• The Perl Survey (2007), a survey of both Perl contributors and users of the language, showed 3%
  • Before 2010, counts of attendees at major open source conferences tended to be in the 3-5% range
  • Women in Drupal - Geek Feminism page, Group page
    • 2008 - Community: 7% women
    • 2014 - Community: 17% women
  • 10-15% of attendees at are women
  • GNOME Foundation members
    • November 2012: 31 women among 378 members - 8.2%
    • January 2014: 35 women among 340 members - 10.3%
    • July 2014: 28 women among 317 members - 8.8%
    • November 2015: 22 women among 272 members - 8.1%
  • GUADEC, GNOME's annual conference (sources 1, 2, 3, 4, 5)
    • 2009 - Attendees: 8 women - 5%; Speakers: 0 women (out of 58 speakers) - 0%
    • 2012 - Attendees: 41 women - 17%; Speakers: 4 women - 7%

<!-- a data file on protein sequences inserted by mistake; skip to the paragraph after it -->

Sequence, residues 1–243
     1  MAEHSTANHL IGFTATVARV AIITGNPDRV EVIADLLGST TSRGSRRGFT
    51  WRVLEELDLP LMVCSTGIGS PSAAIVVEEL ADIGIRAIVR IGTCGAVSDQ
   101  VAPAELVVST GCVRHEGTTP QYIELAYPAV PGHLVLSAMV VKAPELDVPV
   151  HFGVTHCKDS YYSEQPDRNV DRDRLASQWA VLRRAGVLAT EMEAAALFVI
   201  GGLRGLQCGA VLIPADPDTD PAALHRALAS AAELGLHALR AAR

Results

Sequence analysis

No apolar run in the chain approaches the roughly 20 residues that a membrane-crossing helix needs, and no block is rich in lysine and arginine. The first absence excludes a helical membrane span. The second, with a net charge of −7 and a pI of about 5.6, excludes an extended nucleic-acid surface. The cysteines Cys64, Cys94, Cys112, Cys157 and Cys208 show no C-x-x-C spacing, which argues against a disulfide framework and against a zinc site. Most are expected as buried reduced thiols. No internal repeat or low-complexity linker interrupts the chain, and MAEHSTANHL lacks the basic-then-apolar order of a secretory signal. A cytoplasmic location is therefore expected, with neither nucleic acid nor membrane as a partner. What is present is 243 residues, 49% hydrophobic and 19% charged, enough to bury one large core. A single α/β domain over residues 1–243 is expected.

• 2013 - Attendees: 41 women - 18%; Speakers: 10 women - 21%
    • 2014 - Attendees: 23 women - 12%; Speakers: 4 women - 11%
    • 2015 - Attendees: 12 women - 8%; Speakers: 2 women - 8%
  • Survey of newcomers who joined 12 open source communities between January 2010 and June 2012 and stayed involved in them had 50% female respondents for GNOME (22 women) and 6% female respondents for all other communities, with 15% being the next highest concentration (20 women total, 0-3 women per community) (source)
  • PyCon, Python's annual conference (statistics on speakers)
    • 2011 - Speakers: 1% women
    • 2012 - Speakers: 7% women
    • 2013 - Attendees: 20%  women; Speakers: 15% women
    • 2014 - Attendees: 33% women; Speakers: 33% women
    • 2015 - Speakers: 33% women
    • 2016 - Speakers: 40% women
  • Google Summer of Code participation